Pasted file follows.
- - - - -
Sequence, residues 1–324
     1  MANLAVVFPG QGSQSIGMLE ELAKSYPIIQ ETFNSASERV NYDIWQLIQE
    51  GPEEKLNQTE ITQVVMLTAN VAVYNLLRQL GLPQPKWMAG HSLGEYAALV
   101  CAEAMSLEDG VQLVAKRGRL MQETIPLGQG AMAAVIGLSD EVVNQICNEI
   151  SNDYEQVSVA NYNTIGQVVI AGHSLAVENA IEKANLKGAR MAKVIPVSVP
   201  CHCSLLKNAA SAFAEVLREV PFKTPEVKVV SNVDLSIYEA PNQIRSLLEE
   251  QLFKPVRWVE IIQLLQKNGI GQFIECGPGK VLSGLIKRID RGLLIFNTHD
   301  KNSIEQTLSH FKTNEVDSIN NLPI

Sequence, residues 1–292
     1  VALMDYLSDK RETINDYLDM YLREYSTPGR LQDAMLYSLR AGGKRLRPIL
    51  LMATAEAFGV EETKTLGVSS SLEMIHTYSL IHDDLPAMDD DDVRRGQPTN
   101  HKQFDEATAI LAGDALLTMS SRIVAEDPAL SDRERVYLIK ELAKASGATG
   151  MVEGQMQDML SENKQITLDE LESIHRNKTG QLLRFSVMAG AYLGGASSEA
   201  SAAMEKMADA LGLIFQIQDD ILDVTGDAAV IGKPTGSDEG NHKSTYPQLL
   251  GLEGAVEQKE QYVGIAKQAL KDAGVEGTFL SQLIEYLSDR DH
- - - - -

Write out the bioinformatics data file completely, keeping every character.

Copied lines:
Sequence, residues 1–324
     1  MANLAVVFPG QGSQSIGMLE ELAKSYPIIQ ETFNSASERV NYDIWQLIQE
    51  GPEEKLNQTE ITQVVMLTAN VAVYNLLRQL GLPQPKWMAG HSLGEYAALV
   101  CAEAMSLEDG VQLVAKRGRL MQETIPLGQG AMAAVIGLSD EVVNQICNEI
   151  SNDYEQVSVA NYNTIGQVVI AGHSLAVENA IEKANLKGAR MAKVIPVSVP
   201  CHCSLLKNAA SAFAEVLREV PFKTPEVKVV SNVDLSIYEA PNQIRSLLEE
   251  QLFKPVRWVE IIQLLQKNGI GQFIECGPGK VLSGLIKRID RGLLIFNTHD
   301  KNSIEQTLSH FKTNEVDSIN NLPI

Sequence, residues 1–292
     1  VALMDYLSDK RETINDYLDM YLREYSTPGR LQDAMLYSLR AGGKRLRPIL
    51  LMATAEAFGV EETKTLGVSS SLEMIHTYSL IHDDLPAMDD DDVRRGQPTN
   101  HKQFDEATAI LAGDALLTMS SRIVAEDPAL SDRERVYLIK ELAKASGATG
   151  MVEGQMQDML SENKQITLDE LESIHRNKTG QLLRFSVMAG AYLGGASSEA
   201  SAAMEKMADA LGLIFQIQDD ILDVTGDAAV IGKPTGSDEG NHKSTYPQLL
   251  GLEGAVEQKE QYVGIAKQAL KDAGVEGTFL SQLIEYLSDR DH